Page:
World’s first biological ‘three-parent’ baby born
A baby has been born with three biological parents for the first time ever.
The New Scientist broke the news that a five-month-old boy was born, “using a new technique that incorporates DNA from three parents”.
The boy was born to Jordanian parents, thanks to pioneering work from John Zhang and his team at New Hope Fertility Center, New York City.
The couple had sought help as the mother carries the genes for Leigh syndrome, a fatal disorder that affects the developing nervous system that was responsible for the deaths of her first two children.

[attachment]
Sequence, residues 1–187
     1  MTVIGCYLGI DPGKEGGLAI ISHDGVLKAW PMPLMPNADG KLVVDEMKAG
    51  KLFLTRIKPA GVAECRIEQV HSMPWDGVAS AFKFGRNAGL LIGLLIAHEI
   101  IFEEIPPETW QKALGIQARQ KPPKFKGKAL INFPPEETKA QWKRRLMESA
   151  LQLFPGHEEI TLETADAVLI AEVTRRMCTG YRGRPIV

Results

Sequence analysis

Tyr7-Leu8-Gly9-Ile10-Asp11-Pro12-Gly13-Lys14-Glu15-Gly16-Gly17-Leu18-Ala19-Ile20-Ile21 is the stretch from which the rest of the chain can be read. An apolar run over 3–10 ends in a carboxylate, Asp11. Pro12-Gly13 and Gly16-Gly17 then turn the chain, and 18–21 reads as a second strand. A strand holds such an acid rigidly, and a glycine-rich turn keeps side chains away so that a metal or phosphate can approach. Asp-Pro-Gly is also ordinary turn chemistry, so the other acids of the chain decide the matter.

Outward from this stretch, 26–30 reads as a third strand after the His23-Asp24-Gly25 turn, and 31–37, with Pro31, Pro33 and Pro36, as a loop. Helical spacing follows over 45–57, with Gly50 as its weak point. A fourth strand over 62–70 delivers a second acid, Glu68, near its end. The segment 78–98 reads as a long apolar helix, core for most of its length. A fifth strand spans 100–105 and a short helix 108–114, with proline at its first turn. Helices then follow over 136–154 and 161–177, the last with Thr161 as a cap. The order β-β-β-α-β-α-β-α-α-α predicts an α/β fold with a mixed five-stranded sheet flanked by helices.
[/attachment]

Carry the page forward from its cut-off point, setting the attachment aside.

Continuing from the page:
Using a technique known as mitochondrial replacement, doctors were able to extract the nucleus from one of the mother’s eggs, inserting it into a donor egg with a nucleus removed.
The egg was then fertilised with the father’s sperm, meaning the baby has DNA from two mothers and one father – also preventing the disease from being passed on.
As the procedure is not legal in the US, it was carried out in Mexico.
According to the outlet, the findings will be outlined next months at the American Society for Reproductive Medicine’s Scientific Congress.
Last year the UK became the first country to approve a law to allow babies to be created from the DNA of three people using the technique.
The change allows women to have children without passing on the serious and incurable condition.
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